BAKU, July 13. /TASS/. Azerbaijani armed forces on Monday morning renewed the shelling of Armenian positions on the state border in the direction of the Tavush province of Armenia, reported Shushan Stepanyan, Armenia’s Defense Ministry’s press service spokesperson.
"After two-three hours of pause [on Monday] morning the opponent resumed the provocative actions, continuing to shell in the direction of the Armenian positions. The Armenian armed forces gave an adequate response. It is not ruled out that the number of the losses of opponent will increase," she wrote on her Facebook page.
Earlier, Azerbaijan’s Defense Ministry reported on Monday on the tensions at the border with Armenia continuing over the night of July 13 and an Azerbaijani serviceman falling in action.
"On the night of July 13, the tension remained on the Tovuz direction of the state border between Azerbaijan and Armenia. During the night clashes using artillery, mortars, and tanks the Azerbaijani army units destroyed the base point, artillery mounts, automotive equipment on the premises of the military base as well as personnel," the Defense Ministry stated on its website. According to the Defense Ministry, First Lieutenant of the Azerbaijani Army Rashad Makhmudov was killed in action.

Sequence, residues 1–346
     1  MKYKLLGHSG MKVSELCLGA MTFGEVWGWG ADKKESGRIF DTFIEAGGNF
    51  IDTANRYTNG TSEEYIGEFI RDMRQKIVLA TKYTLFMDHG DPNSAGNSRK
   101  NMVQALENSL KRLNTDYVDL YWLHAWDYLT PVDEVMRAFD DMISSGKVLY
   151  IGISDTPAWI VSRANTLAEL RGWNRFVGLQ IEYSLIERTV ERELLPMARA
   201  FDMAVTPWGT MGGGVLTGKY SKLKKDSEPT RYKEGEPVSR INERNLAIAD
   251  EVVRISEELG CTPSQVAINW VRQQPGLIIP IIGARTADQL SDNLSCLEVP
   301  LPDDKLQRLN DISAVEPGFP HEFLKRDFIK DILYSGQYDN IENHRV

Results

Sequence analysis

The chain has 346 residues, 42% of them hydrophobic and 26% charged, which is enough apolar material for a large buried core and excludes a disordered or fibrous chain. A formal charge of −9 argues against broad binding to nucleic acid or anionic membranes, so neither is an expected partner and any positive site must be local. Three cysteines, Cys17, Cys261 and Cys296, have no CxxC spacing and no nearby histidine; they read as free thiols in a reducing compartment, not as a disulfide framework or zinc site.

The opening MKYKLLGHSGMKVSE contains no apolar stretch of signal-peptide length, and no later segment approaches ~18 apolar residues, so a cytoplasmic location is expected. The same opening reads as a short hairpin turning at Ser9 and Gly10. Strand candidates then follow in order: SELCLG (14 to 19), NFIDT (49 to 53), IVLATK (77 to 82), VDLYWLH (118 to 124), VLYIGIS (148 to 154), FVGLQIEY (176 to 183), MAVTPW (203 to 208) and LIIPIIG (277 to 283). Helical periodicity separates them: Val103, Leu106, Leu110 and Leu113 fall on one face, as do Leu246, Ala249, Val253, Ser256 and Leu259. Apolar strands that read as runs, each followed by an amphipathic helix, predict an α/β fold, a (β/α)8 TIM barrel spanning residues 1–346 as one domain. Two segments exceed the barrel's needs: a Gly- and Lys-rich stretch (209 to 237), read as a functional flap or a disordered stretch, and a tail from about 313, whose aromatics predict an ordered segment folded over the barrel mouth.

"Currently the operational situation is under control of the Azerbaijani troops," the statement said.
On Sunday, Azerbaijan’s Defense Ministry reported the Armenian armed forces’ attempts to attack the Azerbaijani army positions on the Tovuz direction of the border using artillery and the ensued clash. According to the Ministry’s statement, the opponent sustained losses and retreated. According to the ministry’s information two Azerbaijani’s servicemen were killed in action, five were wounded. Later, one more soldier died because of the wounds sustained.
The conflict between neighboring Armenia and Azerbaijan over the highland region of Nagorno-Karabakh, (a disputed territory that had been part of Azerbaijan before the Soviet Union break-up but was primarily populated by Armenians) broke out in February of 1988 after the Nagorno-Karabakh Autonomous Region announced its withdrawal from the Azerbaijani Soviet Republic. In 1992-1994, tensions boiled over and exploded into large-scale military action for control over the enclave and seven adjacent territories after Azerbaijan lost control of them. Talks on the Nagorno-Karabakh settlement have been ongoing since 1992 in the format of the so-called OSCE Minsk Group, led by its three co-chairs - Russia, France and the United States.